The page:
DRIVE Launches $3.2 Million Internet Extension for Rural Areas | News
DANVILLE — A $3.2 million expansion of a high-speed internet network is ready for underserved rural residents in Montour, Northumberland, Snyder, Union and Columbia counties.
On Friday, federal, state and local officials joined economic development council DRIVE (Driving Real Innovation for a Vibrant Economy) to announce the launch of a wireless fixed broadband network that will bring high-speed internet access to rural areas. over 1,750 square miles. The groundbreaking event was held at the Montour Reserve Environmental Education Center outside of Danville.
“Today is the culmination of 18 months of work, but it’s really only the beginning,” said Jennifer Wakeman, Executive Director of DRIVE. “We’ve only scratched the surface of using this wireless. It’s not a static system, it’s not all finished today. It can grow, it can be expanded. It can it can support more users, it can support more ISPs (internet service providers), and it can serve many other needs.I can’t wait to see where it will be in five years.
The need was there before, but the past two years of the COVID-19 pandemic have put “10 exclamation marks” on the issues as people work from home and students go virtual in their homes, the State Senator John Gordner, R-27.
“It’s a start and we need to keep it that way to make sure everyone who wants these services can get them once and for all,” Gordner said.
Sixty percent of rural or underserved residents are expected to receive service in counties with room for expansion, Wakeman said.
Five counties used CARES funding
DRIVE, created by Columbia and Montour counties in 2015, was able to launch the current network through a public-private partnership with Geisinger, which provided a $300,000 forgivable loan to fund the project.
In 2020, spurred by the availability of CARES Act funding for broadband development, Northumberland, Snyder and Union counties became members of DRIVE. The five counties together provided $3.2 million in CARES Act funds to build a fixed wireless network to reach underserved and unserved areas of the region. Northumberland County used $1 million, Columbia County used $800,000, Union and Snyder counties used $600,000 each, and Montour County used $200,000.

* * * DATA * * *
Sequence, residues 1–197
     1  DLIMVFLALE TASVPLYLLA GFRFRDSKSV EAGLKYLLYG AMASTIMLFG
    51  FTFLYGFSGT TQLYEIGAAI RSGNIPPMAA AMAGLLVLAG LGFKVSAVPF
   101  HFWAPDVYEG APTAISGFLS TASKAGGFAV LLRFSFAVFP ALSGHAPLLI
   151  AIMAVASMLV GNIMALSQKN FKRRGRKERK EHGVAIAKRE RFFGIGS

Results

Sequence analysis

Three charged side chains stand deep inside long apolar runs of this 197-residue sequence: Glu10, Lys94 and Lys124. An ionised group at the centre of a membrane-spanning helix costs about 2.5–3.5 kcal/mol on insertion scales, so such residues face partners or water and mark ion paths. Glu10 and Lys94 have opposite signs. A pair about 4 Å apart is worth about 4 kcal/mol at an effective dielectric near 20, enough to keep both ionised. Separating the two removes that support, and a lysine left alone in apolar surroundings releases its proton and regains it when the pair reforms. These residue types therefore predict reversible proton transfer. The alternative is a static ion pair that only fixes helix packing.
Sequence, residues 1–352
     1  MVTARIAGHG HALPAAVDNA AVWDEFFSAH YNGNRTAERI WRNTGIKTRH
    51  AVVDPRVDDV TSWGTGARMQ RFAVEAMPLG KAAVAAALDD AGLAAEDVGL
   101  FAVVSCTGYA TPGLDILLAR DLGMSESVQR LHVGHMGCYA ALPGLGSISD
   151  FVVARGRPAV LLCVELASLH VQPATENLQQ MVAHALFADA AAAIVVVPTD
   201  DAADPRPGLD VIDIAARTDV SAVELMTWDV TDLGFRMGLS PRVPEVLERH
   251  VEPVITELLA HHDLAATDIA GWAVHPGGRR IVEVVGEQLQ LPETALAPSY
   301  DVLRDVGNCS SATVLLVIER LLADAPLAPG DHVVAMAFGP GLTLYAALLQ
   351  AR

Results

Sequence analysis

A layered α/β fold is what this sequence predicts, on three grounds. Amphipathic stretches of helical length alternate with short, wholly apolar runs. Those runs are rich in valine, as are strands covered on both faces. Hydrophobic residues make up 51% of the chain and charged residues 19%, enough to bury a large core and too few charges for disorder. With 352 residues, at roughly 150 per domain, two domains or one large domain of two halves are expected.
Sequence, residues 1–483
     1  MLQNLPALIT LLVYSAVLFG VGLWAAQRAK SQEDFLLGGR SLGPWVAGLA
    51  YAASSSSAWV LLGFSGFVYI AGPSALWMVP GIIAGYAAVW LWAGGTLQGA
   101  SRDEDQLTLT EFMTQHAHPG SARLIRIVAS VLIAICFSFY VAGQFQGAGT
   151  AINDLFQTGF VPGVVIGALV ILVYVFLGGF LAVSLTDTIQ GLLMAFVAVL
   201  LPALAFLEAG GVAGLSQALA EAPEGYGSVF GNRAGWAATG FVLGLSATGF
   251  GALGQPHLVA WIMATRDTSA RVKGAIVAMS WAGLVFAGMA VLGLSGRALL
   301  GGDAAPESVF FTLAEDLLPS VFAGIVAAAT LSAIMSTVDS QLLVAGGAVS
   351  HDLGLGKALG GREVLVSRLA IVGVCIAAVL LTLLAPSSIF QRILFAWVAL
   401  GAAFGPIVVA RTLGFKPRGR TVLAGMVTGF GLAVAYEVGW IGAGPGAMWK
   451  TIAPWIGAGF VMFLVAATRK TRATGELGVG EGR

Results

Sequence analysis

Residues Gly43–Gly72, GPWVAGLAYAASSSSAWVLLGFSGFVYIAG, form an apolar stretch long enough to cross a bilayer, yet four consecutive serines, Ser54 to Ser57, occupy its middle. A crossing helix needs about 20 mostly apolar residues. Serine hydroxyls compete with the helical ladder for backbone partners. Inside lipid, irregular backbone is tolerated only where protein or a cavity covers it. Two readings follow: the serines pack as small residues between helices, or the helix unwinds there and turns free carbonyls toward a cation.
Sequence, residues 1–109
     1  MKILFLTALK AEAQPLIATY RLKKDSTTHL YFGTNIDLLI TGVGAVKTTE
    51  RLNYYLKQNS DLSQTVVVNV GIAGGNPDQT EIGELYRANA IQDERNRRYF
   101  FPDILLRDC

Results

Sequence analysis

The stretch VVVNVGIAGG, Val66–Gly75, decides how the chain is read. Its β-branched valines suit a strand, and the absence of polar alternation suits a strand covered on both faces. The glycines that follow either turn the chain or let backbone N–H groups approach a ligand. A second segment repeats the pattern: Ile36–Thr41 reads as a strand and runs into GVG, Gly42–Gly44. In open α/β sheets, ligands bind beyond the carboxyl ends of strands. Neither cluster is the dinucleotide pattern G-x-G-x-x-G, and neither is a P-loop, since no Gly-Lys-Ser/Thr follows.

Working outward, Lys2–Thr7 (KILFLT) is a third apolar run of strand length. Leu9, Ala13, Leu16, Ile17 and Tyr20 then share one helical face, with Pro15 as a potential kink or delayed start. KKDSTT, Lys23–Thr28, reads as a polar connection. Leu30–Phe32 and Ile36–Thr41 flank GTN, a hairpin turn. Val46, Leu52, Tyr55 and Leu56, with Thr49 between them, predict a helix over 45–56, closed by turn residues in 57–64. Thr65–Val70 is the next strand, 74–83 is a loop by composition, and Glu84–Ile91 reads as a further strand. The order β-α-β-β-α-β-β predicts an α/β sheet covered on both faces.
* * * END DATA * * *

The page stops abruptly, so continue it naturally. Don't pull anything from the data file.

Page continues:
ConxxNE, a Jessup-based company specializing in network infrastructure deployment, won the contract and began the design, engineering and construction of this carrier-grade network in the fall of 2020. The project, completed l last summer added 16 additional tower sites. in targeted rural and underserved areas of the five counties.
The expansion was a collaborative effort between DRIVE, its member counties, local elected officials, private businesses and residents. The network uses a wide variety of vertical assertions, from county-owned 911 towers and corporate rooftops to private agricultural silos and monopolies placed on private land.
Two internet service providers, SkyPacket Networks and Center WISP, now serve customers throughout the region using this infrastructure. The network is designed to allow for future expansion to fill coverage gaps and meet the ever-increasing demand for broadband access.
Wakeman said customers are already signing up for the service and more are being invited to sign up. Providers will perform a site assessment to determine if a signal can be received at that location and provide an estimate of the cost to install the equipment.
Keller, Mueser, others speak
The event was attended by several dignitaries who provided comments, including U.S. Representatives Fred Keller, R-12 and Dan Meuser (R-9), Montour Area Recreation Commissioner Director Bob Stoudt, and Commissioner of Montour County and DRIVE Board Member Trevor Finn. It also included a video message from U.S. Senator Bob Casey, D-Pa.
Meuser and Keller praised DRIVE and its collaborators for being a model for how federal and state money should be used. The COVID-19 pandemic, they said, has highlighted the need for internet access for students, healthcare workers, businesses and employees working from home in rural areas.
“Let this be the seed that people take and plant in their communities, to ensure that we provide all of America with what they should rightfully expect to have every day,” Keller said. “It’s good, a public service and a good investment.”
Finn: Now the hard work begins.
Finn said the “unique topography of hills and valleys” posed challenges for microwave technology.
“We continue to seek grants to add vertical assets to our networks while finding solutions to end connections,” he said.
Finn said the hard work starts now.
“We now have the potential for thousands of customers on our network,” Finn said. “However, even though it looks like we were sprinting to the finish line to do this job – and we were – it’s America. We just strapped on our running shoes. .”
Finn said there is room on the network for more customers and ISPs.